A new bishop has waded into the troubled waters of a Vancouver-area diocese, in the hope of resolving a pastoral emergency so critical it threatens to destroy the Anglican Communion worldwide.

Terrence Buckle, Anglican bishop of the Yukon, offered “alternative episcopal oversight” to eight orthodox parishes in New Westminster that oppose the blessing of same-sex unions. But Michael Ingham, the official bishop of New Westminster and a supporter of rites blessing homosexual “marriages,” threatened his Yukon colleague with legal action.

The crisis was precipitated in June 2002 when the Synod of New Westminster voted 62 per cent to approve the blessing of same-sex unions and Bishop Ingham gave his assent. No other Anglican diocese in the world officially blesses gay and lesbian unions.

Eight parishes, representing a quarter of the diocese, including a significant portion of the Chinese community, opposed homosexual blessings and formed a coalition called the Anglican Communion in New Westminster.

The coalition says it has no desire to leave the Anglican Church of Canada, but can no longer in good conscience obey Bishop Ingham and has appealed for a substitute bishop.

In October, the theologically conservative coalition appealed to the Canadian House of Bishops, since such a rite would contravene the House of Bishops’ own 1997 Guidelines on Sexuality. But the 40 bishops could reach no effectual decision, except to suggest further dialogue, which subsequently failed.

The former Archbishop of Canterbury, George Carey, has warned that Ingham’s actions are schismatic. Seven West Indian, African and Asian primates have offered to be “flying” or substitute bishops for the eight parishes, but the Yukon bishop offered a more realistic Canadian solution, which they were glad to endorse.

“The urgency of this situation is such that foreign primates are now prepared to step in and address the situation directly,” said Buckle in a press release on March 3. “It is my conviction that this situation should be addressed by the Canadian church, and that we need to respond in a practical and meaningful way to the cries of those who no longer feel protected and supported in the very beliefs the church has been built on.”

The Yukon bishop continued, “I remain convinced that there can be a solution within the Anglican Church of Canada, and that it is not necessary for bishops outside the country to do for us what we are capable of doing for ourselves.”

Ingham rejected Buckle’s offer, calling it an “ecclesiastical offence.” “I must inform you that both the canons and the ancient tradition of the church leave me no room but to inhibit you from the exercise of any ministry within the geographical boundaries of the Diocese of New Westminster.”

If Buckle did not abide by this “inhibition,” Ingham said he would pursue disciplinary action against his fellow bishop. Ingham also warned that any New Westminster clergy, churchwardens or parish trustees who availed themselves of Buckle’s pastoral care, would be prosecuted. Clergy could have their licences revoked. He further warned his fellow Canadian bishops not to interfere in his diocese’s “internal matters,” but one spoke out immediately.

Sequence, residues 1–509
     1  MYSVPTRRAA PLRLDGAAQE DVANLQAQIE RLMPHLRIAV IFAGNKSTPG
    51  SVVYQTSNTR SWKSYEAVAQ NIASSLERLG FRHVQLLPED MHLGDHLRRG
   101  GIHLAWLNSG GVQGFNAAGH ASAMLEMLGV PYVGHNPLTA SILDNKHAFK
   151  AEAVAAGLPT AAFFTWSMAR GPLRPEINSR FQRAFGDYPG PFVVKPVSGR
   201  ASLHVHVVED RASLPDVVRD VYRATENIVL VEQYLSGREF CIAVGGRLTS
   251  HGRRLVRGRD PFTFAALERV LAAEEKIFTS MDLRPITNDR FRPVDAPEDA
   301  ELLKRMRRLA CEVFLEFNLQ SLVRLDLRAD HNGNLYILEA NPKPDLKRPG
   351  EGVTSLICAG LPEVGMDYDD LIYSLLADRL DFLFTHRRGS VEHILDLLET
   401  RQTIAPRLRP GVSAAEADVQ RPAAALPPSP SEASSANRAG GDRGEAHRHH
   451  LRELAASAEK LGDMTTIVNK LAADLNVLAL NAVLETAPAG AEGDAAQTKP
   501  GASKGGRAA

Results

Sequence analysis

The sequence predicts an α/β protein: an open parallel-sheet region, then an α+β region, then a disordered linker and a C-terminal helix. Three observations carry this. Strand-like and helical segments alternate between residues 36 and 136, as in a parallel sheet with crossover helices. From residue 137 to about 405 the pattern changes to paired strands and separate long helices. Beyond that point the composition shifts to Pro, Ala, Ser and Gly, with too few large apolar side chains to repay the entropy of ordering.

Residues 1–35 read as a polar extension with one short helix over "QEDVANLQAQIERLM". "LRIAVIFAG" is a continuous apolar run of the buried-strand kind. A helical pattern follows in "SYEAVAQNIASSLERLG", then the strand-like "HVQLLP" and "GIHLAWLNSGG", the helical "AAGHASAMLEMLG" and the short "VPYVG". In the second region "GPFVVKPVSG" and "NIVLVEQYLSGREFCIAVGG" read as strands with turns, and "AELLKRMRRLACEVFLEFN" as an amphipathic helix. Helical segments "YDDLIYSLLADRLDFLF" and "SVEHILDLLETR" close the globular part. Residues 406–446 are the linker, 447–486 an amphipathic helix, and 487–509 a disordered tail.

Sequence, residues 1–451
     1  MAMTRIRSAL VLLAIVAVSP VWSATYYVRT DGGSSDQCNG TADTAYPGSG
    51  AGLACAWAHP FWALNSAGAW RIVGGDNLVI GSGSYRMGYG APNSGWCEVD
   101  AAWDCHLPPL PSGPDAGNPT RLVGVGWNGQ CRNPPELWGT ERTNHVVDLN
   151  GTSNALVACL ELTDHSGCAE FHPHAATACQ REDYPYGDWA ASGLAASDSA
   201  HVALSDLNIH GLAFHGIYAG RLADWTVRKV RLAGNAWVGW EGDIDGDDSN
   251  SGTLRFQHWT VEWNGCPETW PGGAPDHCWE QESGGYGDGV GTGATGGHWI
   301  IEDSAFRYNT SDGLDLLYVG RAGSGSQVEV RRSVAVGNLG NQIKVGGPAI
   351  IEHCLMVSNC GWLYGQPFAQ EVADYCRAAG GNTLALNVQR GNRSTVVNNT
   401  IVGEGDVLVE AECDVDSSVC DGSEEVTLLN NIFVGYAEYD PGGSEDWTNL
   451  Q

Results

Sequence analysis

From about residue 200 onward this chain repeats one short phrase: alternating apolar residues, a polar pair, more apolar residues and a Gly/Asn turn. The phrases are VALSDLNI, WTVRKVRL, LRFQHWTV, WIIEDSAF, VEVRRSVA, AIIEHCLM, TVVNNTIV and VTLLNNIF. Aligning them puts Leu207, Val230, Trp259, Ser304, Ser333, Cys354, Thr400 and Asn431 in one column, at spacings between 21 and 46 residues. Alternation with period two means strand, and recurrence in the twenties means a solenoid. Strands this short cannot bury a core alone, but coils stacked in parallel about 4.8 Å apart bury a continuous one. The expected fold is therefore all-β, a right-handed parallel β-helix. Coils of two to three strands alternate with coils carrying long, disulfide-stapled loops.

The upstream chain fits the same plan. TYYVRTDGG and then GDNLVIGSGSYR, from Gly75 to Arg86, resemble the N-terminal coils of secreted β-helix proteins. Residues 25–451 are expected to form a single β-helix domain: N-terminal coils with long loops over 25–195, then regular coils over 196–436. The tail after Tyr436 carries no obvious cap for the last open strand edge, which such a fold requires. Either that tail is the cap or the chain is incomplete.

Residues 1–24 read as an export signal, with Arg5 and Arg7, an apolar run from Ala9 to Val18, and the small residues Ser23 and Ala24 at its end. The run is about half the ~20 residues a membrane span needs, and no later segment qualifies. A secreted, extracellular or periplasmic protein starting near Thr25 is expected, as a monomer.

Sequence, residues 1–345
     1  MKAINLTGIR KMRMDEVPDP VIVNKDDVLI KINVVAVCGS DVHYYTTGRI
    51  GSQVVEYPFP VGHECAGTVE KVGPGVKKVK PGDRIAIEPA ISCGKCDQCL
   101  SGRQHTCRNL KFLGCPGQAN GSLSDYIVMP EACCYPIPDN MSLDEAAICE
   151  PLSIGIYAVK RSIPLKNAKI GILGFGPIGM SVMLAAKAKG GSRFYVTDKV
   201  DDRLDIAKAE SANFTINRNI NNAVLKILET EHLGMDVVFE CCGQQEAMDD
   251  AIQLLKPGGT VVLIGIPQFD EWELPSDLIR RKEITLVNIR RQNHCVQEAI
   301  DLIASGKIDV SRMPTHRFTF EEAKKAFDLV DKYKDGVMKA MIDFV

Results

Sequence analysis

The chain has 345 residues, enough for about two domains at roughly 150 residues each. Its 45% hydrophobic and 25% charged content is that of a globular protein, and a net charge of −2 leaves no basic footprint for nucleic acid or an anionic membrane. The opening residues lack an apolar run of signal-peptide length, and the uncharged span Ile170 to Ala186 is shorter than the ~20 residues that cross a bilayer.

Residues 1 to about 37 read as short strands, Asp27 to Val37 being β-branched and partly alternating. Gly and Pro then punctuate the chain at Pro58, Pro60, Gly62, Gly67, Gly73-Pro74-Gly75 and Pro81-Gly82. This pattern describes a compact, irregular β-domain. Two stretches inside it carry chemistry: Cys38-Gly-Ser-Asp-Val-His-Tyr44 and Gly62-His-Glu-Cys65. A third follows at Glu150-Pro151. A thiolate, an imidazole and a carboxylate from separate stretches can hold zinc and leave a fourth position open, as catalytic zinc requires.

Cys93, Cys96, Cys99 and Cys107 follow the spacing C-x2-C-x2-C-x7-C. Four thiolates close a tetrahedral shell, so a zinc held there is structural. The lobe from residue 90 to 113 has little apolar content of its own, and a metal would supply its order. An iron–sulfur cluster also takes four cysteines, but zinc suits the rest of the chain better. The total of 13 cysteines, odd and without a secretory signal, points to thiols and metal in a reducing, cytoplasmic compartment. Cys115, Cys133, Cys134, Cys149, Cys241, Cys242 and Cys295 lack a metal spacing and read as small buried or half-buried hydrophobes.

On Ash Wednesday, Anthony Burton, Bishop of Saskachewan, wrote to his own clergy, “It is difficult in the circumstances not to feel a debt of gratitude to Bishop Buckle. He is a demonstrably holy and peaceable man, an outstanding pastor with no thirst for political intrigue. He has led an exceptionally sacrificial life, is highly disciplined in prayer and deeply steeped in the Scriptures.”

Burton wrote that it was Buckle’s desire to keep these parishes in the Anglican Church of Canada that caused him to act. He also observed that a bishop is to be “an icon of Christ, who leads his people with the bonds of mutual love.”

The Saskachewan bishop noted that prosecuting Buckle would only further damage the Anglican Church of Canada and the worldwide Communion of 70 million Anglicans.

“As to the canons, Bishop Ingham only need grant Bishop Buckle permission and delegate authority to Bishop Buckle in relation to these parishes,” wrote Burton, noting that Buckle has twice asked for this permission.

Burton, an Oxford graduate, observed that, “Our canons on discipline and licensing are designed to deal with individual cases and problems of a local and particular kind. They are wholly unsuited, and surely were never intended, for use in dealing with a conflict over a serious theological question involving numerous clergy and parishes.”

Burton concluded that Ingham’s “threats show only a desire to enforce by the use of brute power a particular point of view … It is precisely the course threatened by Bishop Ingham which will do the most to undermine the authority of the historic episcopate. Church law is to serve and maintain apostolic faith and order. It should not be used to undermine both.”

On the same day, March 5, Ingham told ABC News, “We are going to proceed (with the blessing of same-sex unions). I’ve already given my consent.”

As of press time, the Primate of the Anglican Church of Canada, Michael Peers, had made no public comment.

On March 23, seven of the eight parishes will hold special vestry meetings to vote, by parish, on whether to accept Buckle’s bold offer to cross diocesan boundaries and, in effect, be their bishop, confirming their laity, ordaining their clergy and giving them all the pastoral care they long for, even in the face of threatened prosecution.